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Jacopo Bassano (c. 1510-1592)

The Journey of Jacob c.1561

RCIN 402928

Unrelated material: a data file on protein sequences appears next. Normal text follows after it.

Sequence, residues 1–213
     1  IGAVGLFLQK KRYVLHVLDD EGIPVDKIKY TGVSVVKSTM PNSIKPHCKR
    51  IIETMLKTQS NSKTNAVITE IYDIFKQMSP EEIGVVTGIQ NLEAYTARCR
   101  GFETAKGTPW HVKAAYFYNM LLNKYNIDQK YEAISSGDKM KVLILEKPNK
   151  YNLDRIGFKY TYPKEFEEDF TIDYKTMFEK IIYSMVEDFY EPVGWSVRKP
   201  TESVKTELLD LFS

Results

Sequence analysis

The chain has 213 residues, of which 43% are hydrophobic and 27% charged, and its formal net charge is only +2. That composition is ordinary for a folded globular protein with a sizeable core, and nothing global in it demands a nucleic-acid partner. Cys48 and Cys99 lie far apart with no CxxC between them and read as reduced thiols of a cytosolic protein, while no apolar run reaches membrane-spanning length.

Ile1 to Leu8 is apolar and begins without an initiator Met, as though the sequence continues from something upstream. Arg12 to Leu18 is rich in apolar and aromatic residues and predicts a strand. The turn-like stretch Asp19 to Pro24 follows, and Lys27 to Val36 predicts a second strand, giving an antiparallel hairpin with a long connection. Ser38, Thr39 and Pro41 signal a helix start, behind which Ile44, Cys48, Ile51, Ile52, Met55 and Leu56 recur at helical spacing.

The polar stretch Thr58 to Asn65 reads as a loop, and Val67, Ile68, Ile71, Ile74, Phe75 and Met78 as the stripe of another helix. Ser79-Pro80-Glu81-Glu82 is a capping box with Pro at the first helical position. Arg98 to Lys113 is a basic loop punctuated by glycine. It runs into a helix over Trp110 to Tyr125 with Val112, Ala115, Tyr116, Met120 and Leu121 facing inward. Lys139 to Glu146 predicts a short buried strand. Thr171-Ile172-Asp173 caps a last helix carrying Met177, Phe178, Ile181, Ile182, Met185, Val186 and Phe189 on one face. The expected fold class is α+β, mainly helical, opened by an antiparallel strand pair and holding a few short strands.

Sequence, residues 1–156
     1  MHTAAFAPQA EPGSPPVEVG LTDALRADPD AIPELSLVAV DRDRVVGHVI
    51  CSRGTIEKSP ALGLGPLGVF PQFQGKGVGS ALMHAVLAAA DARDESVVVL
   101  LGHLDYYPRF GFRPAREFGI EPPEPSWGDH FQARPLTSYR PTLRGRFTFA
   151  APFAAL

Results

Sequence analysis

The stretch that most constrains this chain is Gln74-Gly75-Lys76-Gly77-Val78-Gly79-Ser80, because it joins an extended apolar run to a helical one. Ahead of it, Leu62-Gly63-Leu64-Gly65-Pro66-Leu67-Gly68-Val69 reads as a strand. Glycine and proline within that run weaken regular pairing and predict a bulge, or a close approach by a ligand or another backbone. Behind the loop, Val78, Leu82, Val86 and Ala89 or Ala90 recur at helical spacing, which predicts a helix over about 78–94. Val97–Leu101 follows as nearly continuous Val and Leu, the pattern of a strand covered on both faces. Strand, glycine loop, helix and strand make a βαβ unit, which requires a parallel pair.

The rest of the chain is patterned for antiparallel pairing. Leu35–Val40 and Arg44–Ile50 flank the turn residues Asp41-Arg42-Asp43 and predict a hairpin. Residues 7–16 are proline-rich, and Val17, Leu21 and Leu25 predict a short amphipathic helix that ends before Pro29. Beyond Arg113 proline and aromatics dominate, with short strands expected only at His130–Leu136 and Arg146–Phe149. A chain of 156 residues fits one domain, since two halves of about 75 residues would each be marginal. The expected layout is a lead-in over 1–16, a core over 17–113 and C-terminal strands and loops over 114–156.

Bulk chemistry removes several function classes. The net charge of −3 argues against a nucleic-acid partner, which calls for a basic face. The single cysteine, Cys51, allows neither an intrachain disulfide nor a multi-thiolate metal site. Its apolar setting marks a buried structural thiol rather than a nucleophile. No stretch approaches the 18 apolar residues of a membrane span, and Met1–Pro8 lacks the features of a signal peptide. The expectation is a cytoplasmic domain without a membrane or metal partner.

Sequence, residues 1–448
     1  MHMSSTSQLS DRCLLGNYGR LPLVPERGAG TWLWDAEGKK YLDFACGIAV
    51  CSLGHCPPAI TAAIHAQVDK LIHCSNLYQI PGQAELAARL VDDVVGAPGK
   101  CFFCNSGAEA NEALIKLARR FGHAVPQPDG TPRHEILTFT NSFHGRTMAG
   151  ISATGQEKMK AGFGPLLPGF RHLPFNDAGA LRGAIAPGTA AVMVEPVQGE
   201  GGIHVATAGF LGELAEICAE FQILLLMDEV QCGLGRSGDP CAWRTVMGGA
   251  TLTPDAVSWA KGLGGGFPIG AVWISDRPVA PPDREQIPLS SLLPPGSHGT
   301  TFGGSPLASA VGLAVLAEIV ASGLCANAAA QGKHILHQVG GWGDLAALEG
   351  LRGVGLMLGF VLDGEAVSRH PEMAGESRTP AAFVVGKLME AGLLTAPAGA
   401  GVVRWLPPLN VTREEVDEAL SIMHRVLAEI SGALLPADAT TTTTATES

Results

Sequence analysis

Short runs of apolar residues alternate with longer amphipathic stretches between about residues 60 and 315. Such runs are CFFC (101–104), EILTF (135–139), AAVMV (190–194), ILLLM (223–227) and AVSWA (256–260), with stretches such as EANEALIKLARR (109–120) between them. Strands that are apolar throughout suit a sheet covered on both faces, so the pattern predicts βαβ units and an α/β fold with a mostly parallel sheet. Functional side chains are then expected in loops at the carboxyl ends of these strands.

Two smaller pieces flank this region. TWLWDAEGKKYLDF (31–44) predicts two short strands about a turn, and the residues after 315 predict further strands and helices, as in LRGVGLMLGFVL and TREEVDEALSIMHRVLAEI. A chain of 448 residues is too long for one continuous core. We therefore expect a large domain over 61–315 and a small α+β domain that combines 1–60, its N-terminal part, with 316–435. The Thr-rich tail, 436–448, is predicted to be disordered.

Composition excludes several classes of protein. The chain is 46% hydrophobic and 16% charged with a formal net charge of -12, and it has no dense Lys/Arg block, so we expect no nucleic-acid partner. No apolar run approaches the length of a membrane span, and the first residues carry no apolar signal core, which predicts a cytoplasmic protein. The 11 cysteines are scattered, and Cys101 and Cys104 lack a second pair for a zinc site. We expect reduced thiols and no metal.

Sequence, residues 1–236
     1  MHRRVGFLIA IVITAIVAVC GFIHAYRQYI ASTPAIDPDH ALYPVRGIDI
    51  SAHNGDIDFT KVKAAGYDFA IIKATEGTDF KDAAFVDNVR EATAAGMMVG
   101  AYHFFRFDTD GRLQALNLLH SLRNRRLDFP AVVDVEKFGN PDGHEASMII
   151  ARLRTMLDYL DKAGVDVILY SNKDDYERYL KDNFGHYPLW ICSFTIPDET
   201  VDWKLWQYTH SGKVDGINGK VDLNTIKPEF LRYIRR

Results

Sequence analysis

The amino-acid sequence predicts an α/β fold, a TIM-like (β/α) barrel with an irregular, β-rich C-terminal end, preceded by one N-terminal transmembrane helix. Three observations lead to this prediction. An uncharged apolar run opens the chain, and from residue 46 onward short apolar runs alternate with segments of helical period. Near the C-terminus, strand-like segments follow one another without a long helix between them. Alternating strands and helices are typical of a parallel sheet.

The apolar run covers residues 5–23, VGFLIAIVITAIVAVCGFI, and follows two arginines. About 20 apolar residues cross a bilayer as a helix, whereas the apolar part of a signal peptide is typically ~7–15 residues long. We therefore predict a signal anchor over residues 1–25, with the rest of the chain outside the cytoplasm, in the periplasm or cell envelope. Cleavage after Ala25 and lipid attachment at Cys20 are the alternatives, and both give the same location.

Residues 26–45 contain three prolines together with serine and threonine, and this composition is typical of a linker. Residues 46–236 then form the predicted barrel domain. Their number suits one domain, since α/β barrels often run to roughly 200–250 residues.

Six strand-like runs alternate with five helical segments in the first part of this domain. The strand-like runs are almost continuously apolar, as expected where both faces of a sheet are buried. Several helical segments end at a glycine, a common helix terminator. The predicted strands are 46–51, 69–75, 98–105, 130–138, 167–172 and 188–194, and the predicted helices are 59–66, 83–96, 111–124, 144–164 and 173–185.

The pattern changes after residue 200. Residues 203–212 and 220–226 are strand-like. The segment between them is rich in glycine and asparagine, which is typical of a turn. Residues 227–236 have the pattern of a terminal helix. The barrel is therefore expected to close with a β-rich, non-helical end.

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This painting illustrates the biblical story of Jacob: Jacob served Laban for fourteen years, married two of his daughters, Leah and Rachel, and won most of his sheep and goats by a trick. After these events he set off secretly with his wives, children and livestock to return to his father, Isaac, in Canaan (Genesis 21: 17-21). This painting was previously thought to depict Abraham’s journey into Canaan, with Sarah and Lot (Genesis 22: 1-5) or the return of Moses into Egypt (Exodus 4: 18-20). This confusion supports the contention that Jacopo used biblical texts above all as pretexts for his newly invented genre of pastoral painting. These landscapes were particularly admired by his contemporaries; in his brief appreciation of Jacopo Bassano, Giorgio Vasari mentions his depiction of ‘animals of all sorts’. A larger version by Jacopo of this subject with a more spacious twilight landscape (1570s; Palazzo Ducale, Venice) was eloquently described by Carlo Ridolfi, who remarked that the artist made such Old Testament pastorals for his own pleasure, only occasionally selling them to dealers. The coarsely woven canvas may have lost some of its lower edge; the original format is recorded in the workshop replica attributed to Jacopo’s son Francesco. Some of the greens glazes have discoloured to brown and many half-shadows have darkened, giving the landscape a more desolate appearance than originally intended. Some pinks in the clothes have faded, the scarf round Jacob’s neck was executed in red lake. In many areas, however, the freshness of Jacopo’s touch has been perfectly preserved. He painted confidently in brushy strokes over an ochreous brown ground. The simplicity of the landscape contrasts with the strong pink, blue and green of the foreground figures and the many touches of white highlight. Here his virtuosity of handling is apparent in his ability to paint shimmering passages of light and half-shadow on cloth; he shows the subtle shades of twilight falling across from the right and catching the group with touches of highlight. The restrained use of strong colours and the softness of the light convey the atmosphere of Jacob’s secret escape. Jacopo’s habit of experimentation, changing styles to suit commissions, makes this work hard to date. The painting has Mannerist qualities typical of his early work and learned from Parmigianino and Schiavone - long, sinuous figures arranged in a decorative, stylised fashion. It also has a naturalism of light and setting, which Jacopo rediscovered later in his career through the study of Titian’s pastorals, probably known to him through drawings and woodcuts. A date of c.1561 can be suggested by comparison with 'St John the Baptist in the Wilderness', securely dated 1558 (Museo Civico, Bassano); 'Saints Justina, Sebastian, Anthony Abbot and Roch' of c.1560 (Santa Giustina, Enego); 'The Crucifixion' of 1562-3 (Museo Civico, Treviso) and the 'Adoration of Shepherds' of c.1562 (Palazzo Corsini, Rome).